If you have a cat in your care and they are over the age of 3 months, then it is highly likely that your cat has received their rabies vaccine. Most cats get their rabies vaccination at roughly 12 weeks of age, and this necessary vaccination is taken as a much-needed precaution.
Unvaccinated cats which are allowed to roam outdoors are obviously at high-risk for developing rabies. The disease is often spread from the bite of an infected animal. Even in our modern society, year after year cats develop this deadly disease because they are not vaccinated. It’s not hard to do, and many programs offer low cost assistance for this crucial vaccine.
PetMD.com defines the telltale signs of rabies in cats as:
Sudden changes in behavior, such as aggression, lethargy or restlessness
Increased vocalization, yowling, etc.
Sudden loss of appetite
Malaise, weakness and disorientation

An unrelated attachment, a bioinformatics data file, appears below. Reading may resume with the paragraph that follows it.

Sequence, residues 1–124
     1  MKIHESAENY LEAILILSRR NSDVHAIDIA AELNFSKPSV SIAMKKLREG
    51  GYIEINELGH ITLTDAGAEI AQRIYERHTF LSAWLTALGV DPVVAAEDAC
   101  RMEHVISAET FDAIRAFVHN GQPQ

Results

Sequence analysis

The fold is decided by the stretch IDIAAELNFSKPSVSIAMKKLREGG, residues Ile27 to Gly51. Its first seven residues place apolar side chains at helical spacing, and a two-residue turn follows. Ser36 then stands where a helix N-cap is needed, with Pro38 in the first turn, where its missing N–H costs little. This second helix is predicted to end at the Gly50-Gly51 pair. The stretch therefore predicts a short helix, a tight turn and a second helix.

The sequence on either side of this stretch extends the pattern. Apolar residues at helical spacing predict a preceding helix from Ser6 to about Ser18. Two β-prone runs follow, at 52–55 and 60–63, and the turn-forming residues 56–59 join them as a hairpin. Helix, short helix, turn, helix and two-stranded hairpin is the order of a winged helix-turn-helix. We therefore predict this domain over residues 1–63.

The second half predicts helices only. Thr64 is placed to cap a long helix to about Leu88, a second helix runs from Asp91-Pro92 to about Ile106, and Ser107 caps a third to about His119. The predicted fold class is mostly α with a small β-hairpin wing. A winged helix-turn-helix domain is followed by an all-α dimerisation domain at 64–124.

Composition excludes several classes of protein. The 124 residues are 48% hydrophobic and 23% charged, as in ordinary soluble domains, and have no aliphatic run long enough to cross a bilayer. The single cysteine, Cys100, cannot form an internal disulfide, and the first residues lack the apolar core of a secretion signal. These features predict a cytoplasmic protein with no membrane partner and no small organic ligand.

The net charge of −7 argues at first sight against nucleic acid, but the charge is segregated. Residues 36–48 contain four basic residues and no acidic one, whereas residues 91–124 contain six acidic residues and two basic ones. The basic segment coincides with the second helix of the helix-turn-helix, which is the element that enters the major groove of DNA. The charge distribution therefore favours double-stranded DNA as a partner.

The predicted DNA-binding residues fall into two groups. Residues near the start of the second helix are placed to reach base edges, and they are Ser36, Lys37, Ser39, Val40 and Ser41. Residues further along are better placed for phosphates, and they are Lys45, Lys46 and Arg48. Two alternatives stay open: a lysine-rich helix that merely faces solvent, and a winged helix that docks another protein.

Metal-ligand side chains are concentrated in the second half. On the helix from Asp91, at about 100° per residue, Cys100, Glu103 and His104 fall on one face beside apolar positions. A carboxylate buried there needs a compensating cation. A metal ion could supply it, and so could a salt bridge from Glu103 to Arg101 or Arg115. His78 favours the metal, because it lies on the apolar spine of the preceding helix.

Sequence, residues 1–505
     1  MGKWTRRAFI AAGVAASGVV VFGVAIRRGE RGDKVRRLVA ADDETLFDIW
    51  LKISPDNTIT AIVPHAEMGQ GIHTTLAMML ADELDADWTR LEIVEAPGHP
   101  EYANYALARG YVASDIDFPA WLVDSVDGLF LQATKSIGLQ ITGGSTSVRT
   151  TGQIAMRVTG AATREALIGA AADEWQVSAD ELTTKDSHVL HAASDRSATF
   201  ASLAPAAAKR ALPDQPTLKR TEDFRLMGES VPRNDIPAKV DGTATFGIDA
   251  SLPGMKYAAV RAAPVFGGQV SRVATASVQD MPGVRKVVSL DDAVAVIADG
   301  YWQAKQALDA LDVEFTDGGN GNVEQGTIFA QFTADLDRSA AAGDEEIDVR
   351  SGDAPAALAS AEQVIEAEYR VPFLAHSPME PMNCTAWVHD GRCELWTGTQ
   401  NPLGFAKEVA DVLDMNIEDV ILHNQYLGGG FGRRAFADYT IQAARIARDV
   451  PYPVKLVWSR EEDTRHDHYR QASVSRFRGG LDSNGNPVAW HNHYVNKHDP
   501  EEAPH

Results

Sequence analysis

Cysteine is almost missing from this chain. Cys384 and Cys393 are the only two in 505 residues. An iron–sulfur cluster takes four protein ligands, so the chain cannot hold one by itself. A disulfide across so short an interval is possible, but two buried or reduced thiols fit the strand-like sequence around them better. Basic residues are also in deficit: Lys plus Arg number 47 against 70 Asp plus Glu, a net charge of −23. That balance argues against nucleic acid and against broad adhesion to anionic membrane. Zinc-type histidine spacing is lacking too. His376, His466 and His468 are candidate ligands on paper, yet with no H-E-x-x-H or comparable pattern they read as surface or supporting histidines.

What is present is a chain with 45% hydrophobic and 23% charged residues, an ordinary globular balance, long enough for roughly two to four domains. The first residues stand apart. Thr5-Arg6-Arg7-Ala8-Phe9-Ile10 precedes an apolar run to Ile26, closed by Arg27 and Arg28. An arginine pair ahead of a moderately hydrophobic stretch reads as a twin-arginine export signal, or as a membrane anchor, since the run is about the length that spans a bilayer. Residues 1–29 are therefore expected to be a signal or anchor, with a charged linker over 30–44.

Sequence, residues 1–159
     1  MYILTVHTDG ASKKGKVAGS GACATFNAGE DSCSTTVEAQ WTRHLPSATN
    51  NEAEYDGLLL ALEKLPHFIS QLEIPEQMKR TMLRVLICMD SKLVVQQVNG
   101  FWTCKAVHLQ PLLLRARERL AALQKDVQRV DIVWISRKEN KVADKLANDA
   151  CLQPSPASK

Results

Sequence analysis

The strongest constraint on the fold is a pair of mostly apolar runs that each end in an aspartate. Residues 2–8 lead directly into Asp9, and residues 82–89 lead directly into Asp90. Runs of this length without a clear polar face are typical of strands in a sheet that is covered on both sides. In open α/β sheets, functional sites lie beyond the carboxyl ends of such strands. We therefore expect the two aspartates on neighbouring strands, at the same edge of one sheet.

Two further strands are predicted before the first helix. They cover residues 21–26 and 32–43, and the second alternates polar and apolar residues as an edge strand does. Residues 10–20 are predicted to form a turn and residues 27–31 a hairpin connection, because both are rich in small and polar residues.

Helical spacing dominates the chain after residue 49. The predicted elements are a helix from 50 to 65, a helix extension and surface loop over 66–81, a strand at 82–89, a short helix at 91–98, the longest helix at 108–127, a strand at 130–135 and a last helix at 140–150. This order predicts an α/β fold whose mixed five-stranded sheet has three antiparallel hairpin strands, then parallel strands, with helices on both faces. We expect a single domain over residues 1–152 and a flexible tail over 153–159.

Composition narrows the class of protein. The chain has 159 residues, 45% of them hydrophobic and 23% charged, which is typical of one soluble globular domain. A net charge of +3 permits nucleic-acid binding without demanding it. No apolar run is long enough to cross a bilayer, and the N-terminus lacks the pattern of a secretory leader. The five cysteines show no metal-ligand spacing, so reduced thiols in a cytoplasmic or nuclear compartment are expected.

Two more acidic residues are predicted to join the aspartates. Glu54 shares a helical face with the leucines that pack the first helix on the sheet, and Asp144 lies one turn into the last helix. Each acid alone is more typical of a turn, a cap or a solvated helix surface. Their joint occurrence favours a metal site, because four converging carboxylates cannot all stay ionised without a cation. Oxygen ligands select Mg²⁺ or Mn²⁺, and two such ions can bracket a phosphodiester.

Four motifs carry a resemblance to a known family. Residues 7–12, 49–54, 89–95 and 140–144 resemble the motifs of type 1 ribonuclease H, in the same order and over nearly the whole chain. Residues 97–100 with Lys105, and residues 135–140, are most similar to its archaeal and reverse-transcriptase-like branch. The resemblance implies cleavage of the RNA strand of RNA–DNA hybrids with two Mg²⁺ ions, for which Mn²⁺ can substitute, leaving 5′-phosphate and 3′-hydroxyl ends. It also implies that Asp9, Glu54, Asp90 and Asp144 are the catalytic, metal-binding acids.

Paralysis, seizures, and even cases of sudden death
Late last year, Illinois Gov. Bruce Rauner signed legislation into law that amended Illinois’ Animal Control Act. Therefore as of January 1, 2020, the new law went into effect across the entire state. Officials in Illinois feel strongly that this will help to protect not only cats, but people, too.
WIFR 23 News shares the news on this new law which requires all cats in Illinois to have their rabies vaccine:
Feral cat colonies still remain a host for rabies in many cases, and I believe it is very wise regardless of where you reside to have your cat vaccinated against it. For cats that do go outdoors freely, there is always the possibility that they can get into a fight or come into contact with a rabid animal. Being safe than sorry is always best when it comes to your feline friend.
Rabies fact: The rabies virus can incubate in a cat’s body anywhere from just one week to more than a year before becoming active.